The Frederick, Md. brewery was originally located in the beer mecca of Colorado and was named after a 1983 mountain climbing expedition in which founder George Stranahan and friends climbed K2 (the second-highest summit in the world). After the climb, the pals were enjoying a drink at a bar in Pakistan when they noticed a painting of a pack of dogs that appeared to be flying. Stranahan named the brewery to pay tribute to that expedition and to his relationship with his fellow climbers.

10. Abita 

Famous for their Purple Haze that is brewed with real raspberries, Abita is a brewery that sits 30 miles north of New Orleans. The brewery gets its name from the town of Abita Springs, which was originally a Choctaw Indian village. The etymology of the word "Abita," however, is unclear.

11. Ommegang 

The brewery has been crafting authentic Belgian-style beer since beer importers Wendy Littlefield and Don Feinberg opened its doors in 1997. This brewery, located a few miles south of Cooperstown, N.Y. gets its name from the Dutch. "Ommegang" means "walk around" or "to walk." An annual festival of the same name in Brussels has been commemorating the first visit of Emperor Charles V to the city since 1549. 

12. Boulevard 

Located in Kansas City, Mo., Boulevard was founded in 1988 by John McDonald, who invested his entire savings and inheritance into starting the brand. The name comes from the area where the brewery is located, along Kansas City’s Southwest Boulevard.

13. Shiner 

Shiner is the brand name for the beer produced at the Spoetzl Brewery. Famous for their Shiner Bock, the brewery is owned by the Gambrinus family and is the oldest independent brewery in Texas (founded in 1909). It got its name simply because the brewery is located in Shiner, Texas.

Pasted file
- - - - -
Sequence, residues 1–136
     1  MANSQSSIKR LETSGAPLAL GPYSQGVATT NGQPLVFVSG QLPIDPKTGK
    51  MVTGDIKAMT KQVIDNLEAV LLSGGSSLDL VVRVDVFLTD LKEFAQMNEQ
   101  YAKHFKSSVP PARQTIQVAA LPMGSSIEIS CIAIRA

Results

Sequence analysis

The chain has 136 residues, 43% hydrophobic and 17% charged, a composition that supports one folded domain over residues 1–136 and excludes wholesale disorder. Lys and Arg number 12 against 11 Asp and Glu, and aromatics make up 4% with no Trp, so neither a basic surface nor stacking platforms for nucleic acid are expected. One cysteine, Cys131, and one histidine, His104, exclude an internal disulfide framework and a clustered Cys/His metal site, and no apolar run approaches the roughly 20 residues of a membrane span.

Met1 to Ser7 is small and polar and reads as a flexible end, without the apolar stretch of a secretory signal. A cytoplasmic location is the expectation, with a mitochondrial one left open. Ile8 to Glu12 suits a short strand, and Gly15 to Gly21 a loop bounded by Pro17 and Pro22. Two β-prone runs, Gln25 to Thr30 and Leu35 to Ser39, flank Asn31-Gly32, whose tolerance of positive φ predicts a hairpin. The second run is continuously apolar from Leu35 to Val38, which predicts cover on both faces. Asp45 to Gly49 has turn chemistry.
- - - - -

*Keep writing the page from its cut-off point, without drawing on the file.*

14. Smuttynose 

This Portsmouth, N.H. brewery was founded in 1994 and takes its name from Smuttynose Island, one of the Isle of Shoals that sit between coastal New Hampshire and Maine.  

15. 21st Amendment 

Bob, Flickr // CC BY-ND 2.0

Shaun O’Sullivan and Nico Freccia named their San Francisco-based brewery 21st Amendment in a nod to the constitutional amendment that repealed prohibition and kick-started the local bars' slow climb back to being the neighborhood gathering place.

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science
Today's Wine Glasses Are Almost Seven Times Larger Than They Were in 1700
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Holiday party season (a.k.a. hangover season) is in full swing. While you likely have no one to blame but yourself for drinking that second (or third) pour at the office soiree, your glassware isn't doing you any favors—especially if you live in the UK. Vino vessels in England are nearly seven times larger today than they were in 1700, according to a new study spotted by Live Science. These findings were recently published in the English medical journal The BMJ.